Malware attacks, including large scale Distributed Denial of
Service (DDoS) attacks, have made headlines over the last few
weeks. Research has suggested that these attacks have been caused
in part by a number of hacked "Internet of Things" (IoT)
devices, such as CCTV video cameras and digital video recorders.
These devices were affected by Mirai, a malware strain that scans
the Internet for routers, cameras, digital video recorders (DVRs)
and other IoT devices that are protected only by the
factory-default passwords. Once these devices are infected with
Mirai, they can be used to overwhelm a target with incredible
amounts of illegitimate traffic, making it difficult, if not
impossible for legitimate users to access the site.
When we think of a typical IT infrastructure and the devices
that are actively managed by an organization's IT department,
it is easy to forget about devices like CCTV cameras and DVRs.
These devices, however, are widely used in banks, hospitals, and
other industries that could be susceptible to this kind of
What steps can you take to help mitigate the risk of falling
victim to a similar type of attack?
Unfortunately, there is no easy way to tell if your device has
been compromised. However, there are some simple ways to eliminate
the infection in the event your device has been affected:
Conduct a Universal Plug 'n Play
(UPnP) Exposure Test. UPnP is a technology utilized by many IoT
devices that enables devices to communicate with each other. An
UPnP exposure test runs a scan on your device to determine whether
any of the network ports may be open and vulnerable to incoming
Disconnect the power source. The
Mirai malware strain is housed in the memory of the device. Once
the device is disconnected from its power source, the malware is
removed. Even though a disconnect of the power source will wipe the
malware from the device, the high frequency of the scanning
conducted by the infection can lead to the device being re-infected
within minutes of the reboot. A reboot alone is not enough to
Reset the device to the
factory-default settings. If any malware is present on the device,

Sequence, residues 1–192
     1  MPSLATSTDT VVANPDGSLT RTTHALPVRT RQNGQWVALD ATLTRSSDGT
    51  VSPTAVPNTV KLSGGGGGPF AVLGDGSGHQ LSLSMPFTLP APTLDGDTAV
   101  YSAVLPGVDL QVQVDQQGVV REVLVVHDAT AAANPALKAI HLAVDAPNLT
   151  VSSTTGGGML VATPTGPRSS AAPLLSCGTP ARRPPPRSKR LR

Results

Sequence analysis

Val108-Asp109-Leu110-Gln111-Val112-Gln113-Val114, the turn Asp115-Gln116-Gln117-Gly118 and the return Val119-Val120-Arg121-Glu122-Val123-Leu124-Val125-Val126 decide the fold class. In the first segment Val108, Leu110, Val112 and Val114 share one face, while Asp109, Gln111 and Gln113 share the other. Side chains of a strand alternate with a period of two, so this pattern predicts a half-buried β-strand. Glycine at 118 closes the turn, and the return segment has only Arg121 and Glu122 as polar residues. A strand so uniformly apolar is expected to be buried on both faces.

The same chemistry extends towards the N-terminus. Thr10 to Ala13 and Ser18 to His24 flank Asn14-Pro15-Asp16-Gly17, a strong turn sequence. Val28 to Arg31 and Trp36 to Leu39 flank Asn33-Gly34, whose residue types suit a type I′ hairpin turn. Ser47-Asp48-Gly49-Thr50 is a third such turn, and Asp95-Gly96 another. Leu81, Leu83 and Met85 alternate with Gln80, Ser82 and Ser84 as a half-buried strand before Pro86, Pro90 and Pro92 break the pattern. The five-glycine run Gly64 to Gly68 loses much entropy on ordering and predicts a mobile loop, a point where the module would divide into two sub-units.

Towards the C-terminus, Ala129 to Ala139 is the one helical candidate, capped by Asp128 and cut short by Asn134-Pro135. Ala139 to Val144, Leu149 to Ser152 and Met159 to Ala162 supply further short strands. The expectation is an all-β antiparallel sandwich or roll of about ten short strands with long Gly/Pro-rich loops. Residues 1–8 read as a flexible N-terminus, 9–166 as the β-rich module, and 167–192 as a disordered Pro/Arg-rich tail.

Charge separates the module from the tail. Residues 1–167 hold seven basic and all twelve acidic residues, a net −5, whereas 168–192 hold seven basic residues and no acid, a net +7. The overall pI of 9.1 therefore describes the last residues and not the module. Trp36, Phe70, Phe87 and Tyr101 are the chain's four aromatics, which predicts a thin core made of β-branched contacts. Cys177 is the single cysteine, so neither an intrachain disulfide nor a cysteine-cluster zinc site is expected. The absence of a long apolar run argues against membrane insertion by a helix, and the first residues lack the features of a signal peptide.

the factory reset will wipe it permanently.
Change the default device password on
the web interface. Once the device is reset to factory-default
settings, use a Web browser to access the device's
administration panel and change the default password to something
with more complexity. Here are some helpful tips to increase the
security of your password:
Create a unique password that
utilizes a combination of words, symbols, numbers, and both
uppercase and lowercase letters. Passwords should be at least 8
Do not use any password that remotely
resembles the device's default password.
Do not use your network username as
Do not use words that can easily be
found in the dictionary.
Do not use easily-guessed keyboard
combinations, such as "123456" or
Change the default device passwords
for other methods of access, such as telnet or SSH (if enabled).
How often do you access your device using telnet or SSH? Probably
not often. Do you know if your device is accessible using telnet?
Probably not. Telnet and SSH are command-line, text-based
interfaces that are typically accessed via a command prompt. Even
if you have changed the password on the device's Web interface,
the same default password may still be utilized by remote users to
access the device using telnet and/or SSH.
If eliminating the infection is relatively easy, preventing
recurrence in a world where devices are constantly being scanned
across a multitude of remote access protocols is the biggest
challenge going forward. While most users are savvy enough to
change the default web interface password they use and know about,
many won't think to change the other methods available on
The Internet of Things has created a world where more and more
everyday objects have network connectivity. In turn, there are an
increased number of vulnerabilities that can be taken advantage of
to marshal attacks on networks, as we saw with recent attacks. Be
mindful of many devices you use that can be used against you, and
the relatively immature nature of IoT security.
The content of this article is intended to provide a general
guide to the subject matter. Specialist advice should be sought
about your specific circumstances.
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By its terms, the Guidance applies to: "1) medical devices that contain software (including firmware) or programmable logic, and 2) software that is a medical device, including mobile medical applications."
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